Forsyth County resident Michael McMahon was driving down Bethel Road recently when he spotted two coyotes crossing the street.
While sighting the coyotes was a rare occurrence, what really amazed McMahon was that the nocturnal animals were traveling during daytime.
According to the Georgia Department of Natural Resources, coyote sightings have increased statewide over the past 10 years.
"We get calls from all over Georgia," said DNR spokeswoman Jennifer Barnes. "Coyotes have been around the area for quite some time, but people are seeing more and more of them."
McMahon slowed his vehicle when he saw the coyotes. He got his camera phone out to snap a picture, but they took off when they heard another vehicle approaching.
McMahon described the animals as about 2-feet tall, 3-feet long and gray with a puffy tail. He said they looked a little like dogs, but thinner.
A press release from the DNR noted a coyote resembles "a small dog in appearance ... with pointy ears and snout." The release also states that high-pitched cries, shrieks or yips can be heard late in the evening as the animals communicate.
Barnes said the DNR gets a "high-volume of nuisance complaints" from residents concerned about their pets being attacked by the non-native animals.
"They are considered opportunistic animals," Barnes said. "They eat what they can find, which is why if people notice coyotes in the area they should bring their pets into the house, especially at night."
Coyotes attacking humans is a rare, but not an unheard of occurrence. A May 7 coyote attack in California left a 2-year old child injured after one of the animals tried to drag the toddler away from a sandbox.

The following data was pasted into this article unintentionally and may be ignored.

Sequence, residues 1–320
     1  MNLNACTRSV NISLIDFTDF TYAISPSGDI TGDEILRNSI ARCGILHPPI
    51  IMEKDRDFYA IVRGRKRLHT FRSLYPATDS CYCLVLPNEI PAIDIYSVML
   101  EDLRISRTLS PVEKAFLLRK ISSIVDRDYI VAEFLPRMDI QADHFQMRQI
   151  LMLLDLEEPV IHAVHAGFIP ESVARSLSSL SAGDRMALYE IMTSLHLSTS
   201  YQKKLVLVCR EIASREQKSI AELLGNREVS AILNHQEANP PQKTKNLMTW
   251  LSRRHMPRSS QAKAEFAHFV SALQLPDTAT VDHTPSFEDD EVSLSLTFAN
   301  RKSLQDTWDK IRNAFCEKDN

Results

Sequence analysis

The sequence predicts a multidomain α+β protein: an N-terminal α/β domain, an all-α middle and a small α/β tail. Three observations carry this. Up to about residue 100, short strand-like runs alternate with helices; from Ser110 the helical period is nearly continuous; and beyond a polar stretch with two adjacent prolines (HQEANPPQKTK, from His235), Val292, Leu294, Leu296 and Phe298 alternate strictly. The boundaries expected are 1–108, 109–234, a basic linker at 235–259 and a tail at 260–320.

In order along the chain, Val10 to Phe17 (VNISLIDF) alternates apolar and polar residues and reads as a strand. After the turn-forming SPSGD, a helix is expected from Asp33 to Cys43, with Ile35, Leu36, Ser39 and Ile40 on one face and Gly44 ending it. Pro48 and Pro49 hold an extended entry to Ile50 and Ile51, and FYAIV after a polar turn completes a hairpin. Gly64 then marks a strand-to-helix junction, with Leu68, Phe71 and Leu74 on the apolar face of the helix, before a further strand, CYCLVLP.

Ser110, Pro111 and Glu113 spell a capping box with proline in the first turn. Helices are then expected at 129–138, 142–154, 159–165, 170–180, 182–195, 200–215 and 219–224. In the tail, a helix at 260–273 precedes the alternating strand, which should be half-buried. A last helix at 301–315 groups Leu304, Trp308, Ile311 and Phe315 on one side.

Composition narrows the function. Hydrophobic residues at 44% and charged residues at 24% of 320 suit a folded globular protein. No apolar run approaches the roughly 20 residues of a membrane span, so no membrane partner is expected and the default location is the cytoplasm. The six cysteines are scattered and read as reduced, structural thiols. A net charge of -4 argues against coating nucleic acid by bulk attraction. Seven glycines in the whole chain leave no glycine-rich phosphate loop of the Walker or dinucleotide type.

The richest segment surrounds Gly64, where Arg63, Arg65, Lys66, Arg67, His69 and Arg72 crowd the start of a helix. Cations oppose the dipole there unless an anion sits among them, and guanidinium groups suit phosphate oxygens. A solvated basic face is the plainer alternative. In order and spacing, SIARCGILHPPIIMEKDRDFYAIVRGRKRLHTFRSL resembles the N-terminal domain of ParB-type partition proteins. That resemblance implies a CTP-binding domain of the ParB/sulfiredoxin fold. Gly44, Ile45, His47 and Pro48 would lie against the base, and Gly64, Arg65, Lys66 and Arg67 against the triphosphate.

Ed Carter with the Forsyth County Environmental Health Department said coyotes are not aggressive unless provoked.
"They shouldn't bother a human," Carter said, "unless you corner them and give them a reason to be defensive."
The DNR has never received a report of a coyote attack on a person. The agency says the best way to keep coyotes away is to avoid leaving "easy meals" on your property.
In the wild, coyotes eat mostly rodents, rabbits and fruit. Given the chance, however, they will eat garbage or pet food.
While the DNR does not offer trapping services, it does provide an online list of licensed nuisance wildlife trappers across the state on its Web site.
McMahon called local animal control when he saw the coyotes. The department told him it does not remove the animals because they are not a threat to people.
Animal control could not be reached for comment.
"I think it's deforestation," McMahon said. "These animals are being removed from their normal habitat. Forsyth County is a prime example.
"We're building these subdivisions everywhere. If the coyotes' habitat is gone, their food is gone too, and they're going to be looking for it wherever they can find it."